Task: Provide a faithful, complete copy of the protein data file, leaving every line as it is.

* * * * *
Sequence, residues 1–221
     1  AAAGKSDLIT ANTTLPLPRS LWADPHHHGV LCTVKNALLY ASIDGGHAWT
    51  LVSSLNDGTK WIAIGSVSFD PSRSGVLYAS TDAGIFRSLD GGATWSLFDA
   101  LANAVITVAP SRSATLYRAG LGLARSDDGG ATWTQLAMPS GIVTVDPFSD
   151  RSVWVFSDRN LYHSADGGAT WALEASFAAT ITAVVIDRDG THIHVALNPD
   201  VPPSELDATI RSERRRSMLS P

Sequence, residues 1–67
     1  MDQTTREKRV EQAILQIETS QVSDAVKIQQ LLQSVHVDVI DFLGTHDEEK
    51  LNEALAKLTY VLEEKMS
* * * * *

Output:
Sequence, residues 1–221
     1  AAAGKSDLIT ANTTLPLPRS LWADPHHHGV LCTVKNALLY ASIDGGHAWT
    51  LVSSLNDGTK WIAIGSVSFD PSRSGVLYAS TDAGIFRSLD GGATWSLFDA
   101  LANAVITVAP SRSATLYRAG LGLARSDDGG ATWTQLAMPS GIVTVDPFSD
   151  RSVWVFSDRN LYHSADGGAT WALEASFAAT ITAVVIDRDG THIHVALNPD
   201  VPPSELDATI RSERRRSMLS P

Sequence, residues 1–67
     1  MDQTTREKRV EQAILQIETS QVSDAVKIQQ LLQSVHVDVI DFLGTHDEEK
    51  LNEALAKLTY VLEEKMS